France has given its backing to the proposed EMF as a "medium term priority" but the plan has already received opposition from Germany's representative on the ECB's Executive Board  and from the German Bundesbank President who described it as "not helpful"

With discussions at an early stage, important questions remain unanswered, including whether the creation of an EMF would require a change to the EU treaties and whether it would include all 27 member states or just the eurozone. French officials have said there is an "open debate" on both issues.

However, Angela Merkel has said that "without treaty changes we can't form such a fund" - a view endorsed by Commission President Jose Manuel Barroso, since an EMF appears to violate the current "no bailout" rule in the EU treaties.

In this scenario, the creation of an EMF, with or without UK involvement, would have political ramifications in the UK, with the prospect that EU treaty change could force a Conservative government to call a referendum, as it could fall under the party's promise to put any future EU treaty to a public vote.

Meanwhile, Downing Street has said that it would oppose any new treaty. "The Government opposes further institutional change in the relationship between the EU and member states for this parliament and the next," a spokesman said. However, Europe Minister Chris Bryant said that the Government was so far "agnostic" about the idea of an EMF.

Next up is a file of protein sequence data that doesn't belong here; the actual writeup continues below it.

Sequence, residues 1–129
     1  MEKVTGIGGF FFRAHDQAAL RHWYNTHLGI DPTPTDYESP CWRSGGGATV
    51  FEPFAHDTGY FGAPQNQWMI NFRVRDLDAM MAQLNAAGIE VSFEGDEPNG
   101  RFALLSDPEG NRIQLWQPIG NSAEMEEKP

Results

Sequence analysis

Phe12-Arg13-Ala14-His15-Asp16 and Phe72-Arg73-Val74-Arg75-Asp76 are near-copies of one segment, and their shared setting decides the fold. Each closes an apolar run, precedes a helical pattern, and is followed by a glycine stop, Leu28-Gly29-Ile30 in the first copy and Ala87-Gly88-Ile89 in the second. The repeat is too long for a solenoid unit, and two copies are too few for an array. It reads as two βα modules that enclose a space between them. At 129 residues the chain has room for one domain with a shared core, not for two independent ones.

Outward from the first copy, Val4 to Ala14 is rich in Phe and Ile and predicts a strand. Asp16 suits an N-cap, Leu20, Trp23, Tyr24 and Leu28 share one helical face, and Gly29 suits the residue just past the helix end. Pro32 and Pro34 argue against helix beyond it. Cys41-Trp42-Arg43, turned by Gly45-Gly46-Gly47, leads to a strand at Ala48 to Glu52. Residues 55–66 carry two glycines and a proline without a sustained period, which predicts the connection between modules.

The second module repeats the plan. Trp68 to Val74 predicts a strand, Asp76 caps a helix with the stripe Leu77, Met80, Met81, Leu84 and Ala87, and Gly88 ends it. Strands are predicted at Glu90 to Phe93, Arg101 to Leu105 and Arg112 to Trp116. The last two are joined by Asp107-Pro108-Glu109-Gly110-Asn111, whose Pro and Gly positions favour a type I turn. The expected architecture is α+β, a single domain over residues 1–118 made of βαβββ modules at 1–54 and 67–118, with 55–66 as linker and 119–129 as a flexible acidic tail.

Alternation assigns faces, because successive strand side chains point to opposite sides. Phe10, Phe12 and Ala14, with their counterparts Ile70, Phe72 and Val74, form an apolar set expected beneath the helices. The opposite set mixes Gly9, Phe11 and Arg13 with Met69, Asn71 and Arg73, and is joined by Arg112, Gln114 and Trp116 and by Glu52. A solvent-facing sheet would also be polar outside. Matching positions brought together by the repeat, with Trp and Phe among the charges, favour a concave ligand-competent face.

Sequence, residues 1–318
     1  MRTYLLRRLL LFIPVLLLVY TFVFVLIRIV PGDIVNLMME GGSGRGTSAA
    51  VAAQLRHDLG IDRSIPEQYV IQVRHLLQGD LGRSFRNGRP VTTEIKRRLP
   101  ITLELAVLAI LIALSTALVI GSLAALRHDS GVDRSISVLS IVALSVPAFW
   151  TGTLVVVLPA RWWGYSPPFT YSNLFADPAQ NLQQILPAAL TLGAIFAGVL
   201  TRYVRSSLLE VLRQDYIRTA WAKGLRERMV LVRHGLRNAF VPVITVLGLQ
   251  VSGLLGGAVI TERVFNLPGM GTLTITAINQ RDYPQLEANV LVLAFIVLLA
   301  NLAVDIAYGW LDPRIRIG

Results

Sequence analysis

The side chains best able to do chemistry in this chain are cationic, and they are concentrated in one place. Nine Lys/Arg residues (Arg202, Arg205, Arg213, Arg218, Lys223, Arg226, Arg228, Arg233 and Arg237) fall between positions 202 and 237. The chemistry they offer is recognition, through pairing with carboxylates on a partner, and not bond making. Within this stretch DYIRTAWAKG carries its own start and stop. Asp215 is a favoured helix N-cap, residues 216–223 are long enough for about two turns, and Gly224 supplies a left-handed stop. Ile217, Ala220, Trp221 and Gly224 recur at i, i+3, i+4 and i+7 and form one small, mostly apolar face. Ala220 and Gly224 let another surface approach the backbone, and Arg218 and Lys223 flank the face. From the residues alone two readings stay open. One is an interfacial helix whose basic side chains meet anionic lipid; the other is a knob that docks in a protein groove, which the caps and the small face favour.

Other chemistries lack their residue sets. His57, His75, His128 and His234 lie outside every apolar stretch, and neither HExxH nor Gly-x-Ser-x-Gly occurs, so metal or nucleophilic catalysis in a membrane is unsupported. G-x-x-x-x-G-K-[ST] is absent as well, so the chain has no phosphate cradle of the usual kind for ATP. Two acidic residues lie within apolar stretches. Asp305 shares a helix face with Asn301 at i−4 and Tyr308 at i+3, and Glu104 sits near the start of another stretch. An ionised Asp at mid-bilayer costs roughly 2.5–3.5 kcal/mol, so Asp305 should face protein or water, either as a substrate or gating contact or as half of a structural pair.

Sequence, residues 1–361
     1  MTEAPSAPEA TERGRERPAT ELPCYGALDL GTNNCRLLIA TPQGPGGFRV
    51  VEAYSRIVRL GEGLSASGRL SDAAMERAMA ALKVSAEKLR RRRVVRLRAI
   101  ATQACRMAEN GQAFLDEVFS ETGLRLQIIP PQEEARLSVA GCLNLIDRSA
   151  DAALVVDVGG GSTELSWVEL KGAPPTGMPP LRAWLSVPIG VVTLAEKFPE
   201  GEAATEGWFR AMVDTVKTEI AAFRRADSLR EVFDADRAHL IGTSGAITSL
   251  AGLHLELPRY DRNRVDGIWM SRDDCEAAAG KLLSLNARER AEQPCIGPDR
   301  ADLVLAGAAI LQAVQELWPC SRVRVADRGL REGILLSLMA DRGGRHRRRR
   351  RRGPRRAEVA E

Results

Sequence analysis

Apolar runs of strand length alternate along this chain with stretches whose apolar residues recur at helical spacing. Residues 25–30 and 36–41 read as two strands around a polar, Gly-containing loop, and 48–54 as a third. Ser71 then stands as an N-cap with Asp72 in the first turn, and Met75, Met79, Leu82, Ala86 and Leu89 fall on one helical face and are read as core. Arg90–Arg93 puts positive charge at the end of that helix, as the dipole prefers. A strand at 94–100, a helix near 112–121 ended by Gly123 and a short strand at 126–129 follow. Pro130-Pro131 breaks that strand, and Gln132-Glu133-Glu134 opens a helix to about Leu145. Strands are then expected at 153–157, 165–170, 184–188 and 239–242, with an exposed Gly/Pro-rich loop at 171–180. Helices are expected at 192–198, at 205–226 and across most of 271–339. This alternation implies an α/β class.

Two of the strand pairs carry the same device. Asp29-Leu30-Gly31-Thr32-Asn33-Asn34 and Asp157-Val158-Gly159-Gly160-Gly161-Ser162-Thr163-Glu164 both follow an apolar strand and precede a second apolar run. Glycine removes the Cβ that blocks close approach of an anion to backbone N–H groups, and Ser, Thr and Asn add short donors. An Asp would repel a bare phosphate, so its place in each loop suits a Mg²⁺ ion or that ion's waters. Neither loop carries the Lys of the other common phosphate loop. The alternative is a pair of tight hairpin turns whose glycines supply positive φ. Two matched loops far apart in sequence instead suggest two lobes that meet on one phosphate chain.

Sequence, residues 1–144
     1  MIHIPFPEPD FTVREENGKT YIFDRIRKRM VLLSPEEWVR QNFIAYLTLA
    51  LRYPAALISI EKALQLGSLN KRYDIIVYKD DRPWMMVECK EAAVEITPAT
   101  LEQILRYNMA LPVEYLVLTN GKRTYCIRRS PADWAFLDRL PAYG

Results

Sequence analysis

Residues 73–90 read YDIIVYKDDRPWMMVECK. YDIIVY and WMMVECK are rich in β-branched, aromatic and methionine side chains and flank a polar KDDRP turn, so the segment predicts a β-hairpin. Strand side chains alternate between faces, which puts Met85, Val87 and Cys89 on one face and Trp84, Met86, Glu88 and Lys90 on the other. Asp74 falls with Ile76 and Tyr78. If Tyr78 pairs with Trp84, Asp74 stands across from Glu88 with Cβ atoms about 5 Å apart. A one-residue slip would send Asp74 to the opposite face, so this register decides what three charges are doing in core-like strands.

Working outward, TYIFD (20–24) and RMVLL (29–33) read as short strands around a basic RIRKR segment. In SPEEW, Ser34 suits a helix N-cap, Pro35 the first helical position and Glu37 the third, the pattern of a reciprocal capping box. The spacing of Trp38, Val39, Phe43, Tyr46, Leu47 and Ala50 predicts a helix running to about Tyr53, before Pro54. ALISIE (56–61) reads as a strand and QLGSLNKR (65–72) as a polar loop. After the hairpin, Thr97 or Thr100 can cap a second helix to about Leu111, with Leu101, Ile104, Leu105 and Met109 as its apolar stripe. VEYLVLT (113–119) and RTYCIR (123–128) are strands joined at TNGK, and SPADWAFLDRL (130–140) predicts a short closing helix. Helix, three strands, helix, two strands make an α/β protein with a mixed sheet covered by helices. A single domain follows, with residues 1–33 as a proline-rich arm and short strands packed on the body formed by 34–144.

Alternatively, EU leaders and the EU institutions could come up with a legal solution involving one of the Lisbon Treaty's 'flexibility' clauses, which allow for amendment of the Treaty without it being considered an actual 'treaty change' - a move favoured by the French Finance Minister.

3. Proposed European Public Prosecutor could prosecute Britons without UK permission

The Spanish EU Presidency, backed by France and Germany, has announced that it is going to propose the creation of a European Public Prosecutor (EPP) in April, using powers under the Lisbon Treaty. Although the UK Government has consistently opposed the plans, it is powerless to stop them going through, as they can be passed as long as they have the backing of nine member states under the EU's so-called "enhanced co-operation".

When the Lisbon Treaty was being negotiated, the UK was strongly opposed to the creation of an EPP, even if the Government was granted a veto. At the time, Peter Hain wrote on behalf of the Government that, "We are firmly opposed to establishing a European Public Prosecutor. Unanimity does not mean that this article can be accepted...There is clearly no need for a separate prosecution body at EU level."